Tarragon





The kitchen herb Tarragon (Artemisia dracunculus) is cultivated

in England, and more commonly in France, for uses in salads, and

other condimentary purposes. It is the little Dragon Mugwort: in

French, Herbe au Dragon; to which, as to other Dragon herbs,

was ascribed the faculty of curing the bites and stings of venomous

beasts, and of mad dogs. The plant does not fructify in France.



It is of the Composite order, and closely related to [555] our

common Wormwood, and Southernwood, but its leaves are not

divided. This herb is a native of Siberia, but has been long grown

largely by French gardeners, and has since become widespread in

this country as a popular fruit, also for making a vinegar, and for

adding to salads. The word Tarragon is by corruption a little

dragon. French cooks commonly mix their table mustard with the

vinegar of the herb.



Many strange tales have been told about the origin of the plant, one

of which, scarce worth the noting, runs that the seed of flax put into

a radish root, or a sea onion, and being thus set doth bring forth this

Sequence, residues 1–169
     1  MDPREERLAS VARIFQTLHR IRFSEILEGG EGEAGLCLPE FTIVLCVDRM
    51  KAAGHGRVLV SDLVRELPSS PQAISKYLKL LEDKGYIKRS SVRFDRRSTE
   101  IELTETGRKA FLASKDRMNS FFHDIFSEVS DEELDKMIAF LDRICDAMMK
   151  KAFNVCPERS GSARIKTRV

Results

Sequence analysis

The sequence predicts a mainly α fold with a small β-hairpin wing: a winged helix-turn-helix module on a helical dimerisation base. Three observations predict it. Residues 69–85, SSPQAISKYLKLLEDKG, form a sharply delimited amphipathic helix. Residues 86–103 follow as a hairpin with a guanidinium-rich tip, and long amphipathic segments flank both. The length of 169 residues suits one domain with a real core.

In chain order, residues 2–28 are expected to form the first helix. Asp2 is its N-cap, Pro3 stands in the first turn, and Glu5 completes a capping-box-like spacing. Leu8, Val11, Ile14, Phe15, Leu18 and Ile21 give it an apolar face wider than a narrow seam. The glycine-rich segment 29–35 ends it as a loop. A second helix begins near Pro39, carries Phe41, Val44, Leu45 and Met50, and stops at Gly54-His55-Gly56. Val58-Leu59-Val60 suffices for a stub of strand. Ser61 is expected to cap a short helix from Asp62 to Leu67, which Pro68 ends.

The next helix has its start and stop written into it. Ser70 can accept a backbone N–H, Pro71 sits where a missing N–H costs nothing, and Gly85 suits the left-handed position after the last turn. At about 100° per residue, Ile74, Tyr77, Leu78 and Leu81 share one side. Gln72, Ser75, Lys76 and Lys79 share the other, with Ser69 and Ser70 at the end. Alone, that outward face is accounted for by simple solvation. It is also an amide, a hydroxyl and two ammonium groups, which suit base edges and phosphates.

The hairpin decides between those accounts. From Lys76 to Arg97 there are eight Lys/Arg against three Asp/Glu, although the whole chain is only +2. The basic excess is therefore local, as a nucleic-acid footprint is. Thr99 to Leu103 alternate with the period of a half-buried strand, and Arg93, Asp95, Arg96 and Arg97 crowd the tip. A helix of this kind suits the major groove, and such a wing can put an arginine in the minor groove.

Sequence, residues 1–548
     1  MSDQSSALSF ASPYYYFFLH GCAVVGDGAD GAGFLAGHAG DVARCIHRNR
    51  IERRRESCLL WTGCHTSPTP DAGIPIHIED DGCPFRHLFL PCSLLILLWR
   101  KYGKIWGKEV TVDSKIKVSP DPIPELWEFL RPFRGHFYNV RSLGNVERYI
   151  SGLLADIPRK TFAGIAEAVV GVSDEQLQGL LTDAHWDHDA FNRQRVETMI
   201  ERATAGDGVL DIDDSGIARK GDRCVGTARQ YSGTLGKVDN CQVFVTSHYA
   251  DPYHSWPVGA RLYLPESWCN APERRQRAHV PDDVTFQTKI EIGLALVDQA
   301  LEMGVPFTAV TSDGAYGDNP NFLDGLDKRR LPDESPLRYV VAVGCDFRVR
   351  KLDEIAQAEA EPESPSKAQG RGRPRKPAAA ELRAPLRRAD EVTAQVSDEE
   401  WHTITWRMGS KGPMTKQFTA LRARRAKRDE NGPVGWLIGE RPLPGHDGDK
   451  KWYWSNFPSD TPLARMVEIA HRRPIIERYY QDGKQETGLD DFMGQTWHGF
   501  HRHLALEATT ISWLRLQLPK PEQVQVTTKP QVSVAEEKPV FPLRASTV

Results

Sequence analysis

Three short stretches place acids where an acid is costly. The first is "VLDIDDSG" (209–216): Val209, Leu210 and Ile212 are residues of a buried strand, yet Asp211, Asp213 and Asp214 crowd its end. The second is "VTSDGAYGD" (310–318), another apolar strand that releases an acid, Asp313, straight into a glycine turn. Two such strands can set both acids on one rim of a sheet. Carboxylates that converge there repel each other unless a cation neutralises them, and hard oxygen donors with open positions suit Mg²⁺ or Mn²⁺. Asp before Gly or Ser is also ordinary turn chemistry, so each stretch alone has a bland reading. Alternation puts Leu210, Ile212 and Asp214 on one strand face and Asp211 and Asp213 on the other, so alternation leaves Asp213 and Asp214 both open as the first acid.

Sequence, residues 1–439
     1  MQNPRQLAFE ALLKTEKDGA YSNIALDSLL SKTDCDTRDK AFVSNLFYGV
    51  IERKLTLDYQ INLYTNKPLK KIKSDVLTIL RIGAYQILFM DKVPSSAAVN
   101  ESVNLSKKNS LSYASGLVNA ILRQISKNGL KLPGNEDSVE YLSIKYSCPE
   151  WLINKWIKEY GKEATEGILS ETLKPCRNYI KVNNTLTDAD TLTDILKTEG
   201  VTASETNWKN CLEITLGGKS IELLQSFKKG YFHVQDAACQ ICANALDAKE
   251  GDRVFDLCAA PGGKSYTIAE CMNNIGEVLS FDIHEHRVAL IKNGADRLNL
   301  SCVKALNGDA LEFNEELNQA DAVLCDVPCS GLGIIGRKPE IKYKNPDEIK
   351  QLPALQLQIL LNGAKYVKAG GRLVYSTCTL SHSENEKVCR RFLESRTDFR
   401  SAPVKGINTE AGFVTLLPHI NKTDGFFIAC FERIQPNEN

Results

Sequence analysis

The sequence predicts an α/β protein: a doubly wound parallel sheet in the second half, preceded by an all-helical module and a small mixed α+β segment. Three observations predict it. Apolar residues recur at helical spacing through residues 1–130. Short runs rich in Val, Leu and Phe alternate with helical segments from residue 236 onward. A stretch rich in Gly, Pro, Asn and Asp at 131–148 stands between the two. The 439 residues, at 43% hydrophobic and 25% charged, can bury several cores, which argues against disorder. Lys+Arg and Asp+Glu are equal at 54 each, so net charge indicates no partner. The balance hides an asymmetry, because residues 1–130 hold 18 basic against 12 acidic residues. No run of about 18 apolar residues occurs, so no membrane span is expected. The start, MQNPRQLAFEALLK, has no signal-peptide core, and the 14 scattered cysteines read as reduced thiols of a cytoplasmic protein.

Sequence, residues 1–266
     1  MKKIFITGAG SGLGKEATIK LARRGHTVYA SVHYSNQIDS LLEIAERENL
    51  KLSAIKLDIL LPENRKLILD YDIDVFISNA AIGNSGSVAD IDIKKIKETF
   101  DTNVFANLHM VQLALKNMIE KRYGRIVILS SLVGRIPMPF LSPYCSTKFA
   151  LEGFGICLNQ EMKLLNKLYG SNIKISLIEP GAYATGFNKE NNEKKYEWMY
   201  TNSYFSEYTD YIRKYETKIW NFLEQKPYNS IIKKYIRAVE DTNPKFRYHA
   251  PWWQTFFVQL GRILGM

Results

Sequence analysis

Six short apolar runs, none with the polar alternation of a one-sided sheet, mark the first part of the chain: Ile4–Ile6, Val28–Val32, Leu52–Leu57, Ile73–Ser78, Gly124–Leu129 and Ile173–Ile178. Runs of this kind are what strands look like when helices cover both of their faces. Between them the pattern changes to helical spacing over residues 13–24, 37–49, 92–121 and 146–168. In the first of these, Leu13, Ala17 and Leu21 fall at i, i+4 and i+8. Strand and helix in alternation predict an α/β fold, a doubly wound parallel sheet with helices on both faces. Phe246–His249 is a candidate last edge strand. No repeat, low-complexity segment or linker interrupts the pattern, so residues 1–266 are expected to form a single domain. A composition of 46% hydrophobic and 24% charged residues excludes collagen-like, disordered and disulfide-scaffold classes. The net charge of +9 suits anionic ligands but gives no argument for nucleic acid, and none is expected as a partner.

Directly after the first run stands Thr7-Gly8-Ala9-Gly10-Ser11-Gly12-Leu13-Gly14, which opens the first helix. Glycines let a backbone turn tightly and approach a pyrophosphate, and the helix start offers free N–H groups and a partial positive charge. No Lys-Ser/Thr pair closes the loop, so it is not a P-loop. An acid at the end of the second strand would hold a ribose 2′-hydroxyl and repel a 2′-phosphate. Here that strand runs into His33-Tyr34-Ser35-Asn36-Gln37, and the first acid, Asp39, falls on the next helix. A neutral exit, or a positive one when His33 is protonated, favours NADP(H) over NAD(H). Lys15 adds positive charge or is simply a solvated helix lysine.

herb Tarragon (so says Gerard).



In Continental cookery the use of Tarragon is advised to temper the

coldness of other herbs in salads, like as a Rocket doth. Neither,

say the authorities, do we know what other use this herb hath.



The volatile essential oil of Tarragon is chemically identical with

that of Anise, and it is found to be sexually stimulating. Probably by

virtue of its finely elaborated camphor it exercises its specific

effects, the fact being established that too much camphor acts in the

opposite direction.



John Evelyn says of the plant 'Tis highly cordial and friendly to the

head, heart, and liver.





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